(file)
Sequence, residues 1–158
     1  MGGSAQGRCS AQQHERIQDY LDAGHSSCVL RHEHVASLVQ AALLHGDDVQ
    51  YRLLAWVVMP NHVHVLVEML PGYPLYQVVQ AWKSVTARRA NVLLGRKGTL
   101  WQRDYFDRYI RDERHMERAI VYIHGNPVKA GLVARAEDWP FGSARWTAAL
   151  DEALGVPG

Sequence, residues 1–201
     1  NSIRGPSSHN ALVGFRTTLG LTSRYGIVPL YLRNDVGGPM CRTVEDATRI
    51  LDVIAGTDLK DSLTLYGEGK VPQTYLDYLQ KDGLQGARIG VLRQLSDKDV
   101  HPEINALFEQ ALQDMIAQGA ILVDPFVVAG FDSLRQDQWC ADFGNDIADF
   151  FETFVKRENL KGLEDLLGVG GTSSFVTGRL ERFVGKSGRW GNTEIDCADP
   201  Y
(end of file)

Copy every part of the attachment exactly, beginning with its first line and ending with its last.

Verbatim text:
Sequence, residues 1–158
     1  MGGSAQGRCS AQQHERIQDY LDAGHSSCVL RHEHVASLVQ AALLHGDDVQ
    51  YRLLAWVVMP NHVHVLVEML PGYPLYQVVQ AWKSVTARRA NVLLGRKGTL
   101  WQRDYFDRYI RDERHMERAI VYIHGNPVKA GLVARAEDWP FGSARWTAAL
   151  DEALGVPG

Sequence, residues 1–201
     1  NSIRGPSSHN ALVGFRTTLG LTSRYGIVPL YLRNDVGGPM CRTVEDATRI
    51  LDVIAGTDLK DSLTLYGEGK VPQTYLDYLQ KDGLQGARIG VLRQLSDKDV
   101  HPEINALFEQ ALQDMIAQGA ILVDPFVVAG FDSLRQDQWC ADFGNDIADF
   151  FETFVKRENL KGLEDLLGVG GTSSFVTGRL ERFVGKSGRW GNTEIDCADP
   201  Y